Yes. In certain circumstances, it is possible to claim compensation on behalf of another person in the capacity of a 'litigation friend'.
If an injured person is either too young or vulnerable, too injured or otherwise unable to claim on their own behalf, their litigation friend can handle the claim process on behalf of the injured person.
The litigation friend will be responsible for communicating with the solicitors, and for making decisions in respect of the claim.
Can I claim if I was partly responsible for an accident?
You may still be able to claim compensation even if you contributed to your accident or to your injuries.
However, if you were partly to blame (known as contributory negligence), your compensation may be reduced and it may be more difficult to prove liability.
How long do I have to make a leg injury claim?
In general, you have a time limit of up to 3 years from the date of the leg injury to make an injury claim.
The last date you can make a claim is known as the claim limitation date - after which your leg injury claim becomes 'statute barred'.
Can I claim for a leg injury after 3 years?
Possibly. The general rule for adults is that a claim must be started within three years.
However, the three-year countdown starts on the day you learned of your injury or illness. This will usually be the date of the accident, but could be the date your doctor gave you a diagnosis.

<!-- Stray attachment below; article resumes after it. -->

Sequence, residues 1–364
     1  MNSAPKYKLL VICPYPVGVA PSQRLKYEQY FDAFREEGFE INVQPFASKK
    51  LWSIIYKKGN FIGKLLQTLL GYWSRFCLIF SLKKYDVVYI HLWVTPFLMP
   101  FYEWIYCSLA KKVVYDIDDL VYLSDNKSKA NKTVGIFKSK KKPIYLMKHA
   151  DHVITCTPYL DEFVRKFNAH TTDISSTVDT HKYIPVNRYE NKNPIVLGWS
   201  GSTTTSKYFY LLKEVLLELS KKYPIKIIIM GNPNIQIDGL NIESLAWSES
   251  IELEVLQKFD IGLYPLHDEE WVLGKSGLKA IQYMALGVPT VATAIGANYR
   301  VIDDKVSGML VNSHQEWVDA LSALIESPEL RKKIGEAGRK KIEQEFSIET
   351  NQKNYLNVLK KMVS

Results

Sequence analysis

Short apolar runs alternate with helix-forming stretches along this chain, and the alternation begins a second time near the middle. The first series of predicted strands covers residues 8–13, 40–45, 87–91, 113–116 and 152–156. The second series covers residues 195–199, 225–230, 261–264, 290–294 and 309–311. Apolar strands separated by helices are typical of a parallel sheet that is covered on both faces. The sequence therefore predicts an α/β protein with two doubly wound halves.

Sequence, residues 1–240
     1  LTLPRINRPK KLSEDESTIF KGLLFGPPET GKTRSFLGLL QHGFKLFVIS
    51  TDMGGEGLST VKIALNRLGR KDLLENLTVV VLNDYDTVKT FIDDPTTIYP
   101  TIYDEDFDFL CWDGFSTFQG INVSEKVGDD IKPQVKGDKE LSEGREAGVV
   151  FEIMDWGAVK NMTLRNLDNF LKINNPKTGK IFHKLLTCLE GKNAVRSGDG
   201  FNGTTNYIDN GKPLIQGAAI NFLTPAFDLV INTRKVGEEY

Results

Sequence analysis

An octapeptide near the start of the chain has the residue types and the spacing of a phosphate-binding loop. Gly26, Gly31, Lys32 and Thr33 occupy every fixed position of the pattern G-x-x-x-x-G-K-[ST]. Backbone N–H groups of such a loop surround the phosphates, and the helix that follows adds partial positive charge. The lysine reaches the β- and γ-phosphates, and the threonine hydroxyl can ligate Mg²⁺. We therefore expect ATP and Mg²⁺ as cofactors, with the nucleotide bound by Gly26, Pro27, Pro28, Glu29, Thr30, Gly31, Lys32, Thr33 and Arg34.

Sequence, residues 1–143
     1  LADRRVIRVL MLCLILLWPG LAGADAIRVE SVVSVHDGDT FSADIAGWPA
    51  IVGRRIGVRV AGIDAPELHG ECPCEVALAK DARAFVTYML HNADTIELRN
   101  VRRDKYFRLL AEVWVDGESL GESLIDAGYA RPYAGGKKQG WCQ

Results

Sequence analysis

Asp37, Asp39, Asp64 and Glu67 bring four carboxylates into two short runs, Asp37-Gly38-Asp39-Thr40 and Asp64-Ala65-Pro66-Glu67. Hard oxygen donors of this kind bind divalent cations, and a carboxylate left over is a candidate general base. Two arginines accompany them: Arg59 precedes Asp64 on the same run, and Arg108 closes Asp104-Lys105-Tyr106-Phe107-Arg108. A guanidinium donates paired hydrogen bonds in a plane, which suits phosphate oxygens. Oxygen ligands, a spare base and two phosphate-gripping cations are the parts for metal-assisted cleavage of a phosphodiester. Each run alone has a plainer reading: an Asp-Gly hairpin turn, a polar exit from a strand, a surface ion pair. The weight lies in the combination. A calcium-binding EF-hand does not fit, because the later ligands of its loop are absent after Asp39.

If you were injured as a child, you do have up until your 21st birthday to make a claim.
There other circumstances that can also impact the limitation date. Call us now on 0800 376 1001 to find out if you are still able to claim leg injury compensation.
In reality, there are a number of factors that can affect whether a leg injury claim will be taken on by a solicitor.
Will I have to go to court?
Highly unlikely. The vast majority of claims that are settled by the solicitor panel are settled out of court.
Only a very small percentage (approx. 5%) of personal injury claims go to court. Generally, only very complex cases, or those where liability cannot be resolved, end up in court.
Cases that do ultimately go to court are held in front of a judge, not a jury.
Will I have to go to a solicitor's office?
No. You will not need visit a solicitor's office. As with most professional services, it is no longer necessary to meet face to face with your solicitor. Personal injury claims are dealt with via email, post and telephone.
Should you need to have a medical, this will be arranged at a medical centre near you or at your GP's surgery.
Can I get an early compensation payment?
If you suffer financial hardship as a result of an injury, you may be able to claim an interim compensation payment.
An interim payment is a partial settlement of your claim which is paid before your claim is concluded. The amount you receive in interim payments would then be deducted from your final compensation settlement or award.
Howard Willis, Personal injury solicitor
About the author
Howard qualified as a solicitor in 1984 and has specialised in personal injury for over 25 years. He is a member of the Association of Personal Injury Lawyers (APIL) and is a recognised Law Society Personal Injury Panel expert.